Adjacent to the west, with the Tambopata-Candamo Reserve and Bahuaja-Sonene National Park in Peru, on the east by the TCO (Tierra Comunitaria de Origen / Indigenous community land) Tacana I, on the north by TCO Tacana II and south adjacent to the Integrated Management Natural Area National Apolobamba, TCO Lecos Apolo, TCO Lecos Larecaja and Biosphere Reserve and Indigenous Territory Pilon Lajas.

The PN and IMNA Madidi is one of the largest protected areas in Bolivia, with a total land area, according to the Supreme Decree building 18957.5 square kilometres, of which 12,715 km come under the heading of National Park and 6,242.5 km are categorized under the Integrated Management Natural Area.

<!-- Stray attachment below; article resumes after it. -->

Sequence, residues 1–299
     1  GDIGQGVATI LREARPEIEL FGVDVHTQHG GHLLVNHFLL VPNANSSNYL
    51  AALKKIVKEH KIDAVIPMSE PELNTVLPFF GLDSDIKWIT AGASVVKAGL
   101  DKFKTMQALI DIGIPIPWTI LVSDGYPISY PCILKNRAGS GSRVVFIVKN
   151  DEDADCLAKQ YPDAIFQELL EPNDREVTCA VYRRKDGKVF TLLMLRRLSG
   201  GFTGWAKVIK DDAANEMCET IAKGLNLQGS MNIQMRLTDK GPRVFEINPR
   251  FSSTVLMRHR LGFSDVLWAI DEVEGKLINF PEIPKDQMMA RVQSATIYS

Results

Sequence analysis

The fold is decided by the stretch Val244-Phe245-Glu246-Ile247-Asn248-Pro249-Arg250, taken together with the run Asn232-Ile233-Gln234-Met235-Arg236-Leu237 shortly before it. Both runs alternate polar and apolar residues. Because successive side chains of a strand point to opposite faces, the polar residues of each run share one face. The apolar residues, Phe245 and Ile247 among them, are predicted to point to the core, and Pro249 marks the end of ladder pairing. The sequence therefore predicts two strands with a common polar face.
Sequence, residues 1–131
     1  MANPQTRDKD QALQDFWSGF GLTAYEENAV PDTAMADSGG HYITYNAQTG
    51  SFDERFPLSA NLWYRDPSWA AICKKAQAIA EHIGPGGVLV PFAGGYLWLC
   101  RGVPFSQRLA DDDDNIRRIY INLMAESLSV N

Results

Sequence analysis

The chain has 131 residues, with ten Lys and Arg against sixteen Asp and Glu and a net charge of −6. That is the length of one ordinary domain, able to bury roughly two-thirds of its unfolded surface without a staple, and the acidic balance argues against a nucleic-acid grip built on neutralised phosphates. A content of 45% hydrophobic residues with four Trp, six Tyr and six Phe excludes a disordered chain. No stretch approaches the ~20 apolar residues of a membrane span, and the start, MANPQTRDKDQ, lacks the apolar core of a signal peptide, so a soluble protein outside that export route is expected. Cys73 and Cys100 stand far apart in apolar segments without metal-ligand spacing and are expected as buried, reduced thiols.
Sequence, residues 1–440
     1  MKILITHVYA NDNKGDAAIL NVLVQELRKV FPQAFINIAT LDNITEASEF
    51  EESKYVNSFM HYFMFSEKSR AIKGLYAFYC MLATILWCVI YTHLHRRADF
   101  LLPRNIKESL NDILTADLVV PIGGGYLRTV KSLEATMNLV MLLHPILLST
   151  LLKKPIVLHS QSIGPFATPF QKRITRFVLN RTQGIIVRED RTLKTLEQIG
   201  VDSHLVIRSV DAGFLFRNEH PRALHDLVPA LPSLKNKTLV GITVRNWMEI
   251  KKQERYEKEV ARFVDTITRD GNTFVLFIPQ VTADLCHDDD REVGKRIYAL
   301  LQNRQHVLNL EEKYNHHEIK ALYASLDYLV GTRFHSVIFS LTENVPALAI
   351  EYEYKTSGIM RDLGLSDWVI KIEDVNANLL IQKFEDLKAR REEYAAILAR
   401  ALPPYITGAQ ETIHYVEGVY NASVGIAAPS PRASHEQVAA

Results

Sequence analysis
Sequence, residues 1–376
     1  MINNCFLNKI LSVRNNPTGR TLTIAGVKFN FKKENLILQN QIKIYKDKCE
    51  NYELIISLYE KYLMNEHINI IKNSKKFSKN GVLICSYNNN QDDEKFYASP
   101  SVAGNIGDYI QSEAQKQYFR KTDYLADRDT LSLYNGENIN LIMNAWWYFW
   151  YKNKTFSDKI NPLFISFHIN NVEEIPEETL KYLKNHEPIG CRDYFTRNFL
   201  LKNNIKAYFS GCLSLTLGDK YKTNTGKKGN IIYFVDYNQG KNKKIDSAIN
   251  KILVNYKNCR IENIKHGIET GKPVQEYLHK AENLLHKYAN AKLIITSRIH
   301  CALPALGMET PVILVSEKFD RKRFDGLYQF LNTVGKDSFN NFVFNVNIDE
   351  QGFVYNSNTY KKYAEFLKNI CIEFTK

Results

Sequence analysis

Its boundaries are between 12 30' and 14 44' southern latitude and between 67 30' and 69 51' western longitude.

The area under conservation covers an altitudinal gradient ranging from 180 to 5,760 meters above sea level and has a variety of ecosystems.

Weather

The climate varies from cold in the mountain range area, in temperate lands intermediate mountain until warm lowlands of the North.

The winds come predominantly from the north and south of cold fronts have little impact on the temperature of the region's Madidi. The dry season coincides with the austral winter. The average annual temperature is 26 C degrees , but much depends on the altitude. Isotemas

According to data from Assane (2002), in the region of Apollo is the annual rainfall of 716 mm and October to March with the greatest precipitation, the dry season covered the months from May to September. Isoyetas

Effort

Rosa Maria Ruiz is a woman who has fought for the park and its conservation. Though it should be noted that she is a controversial figure.

Wildlife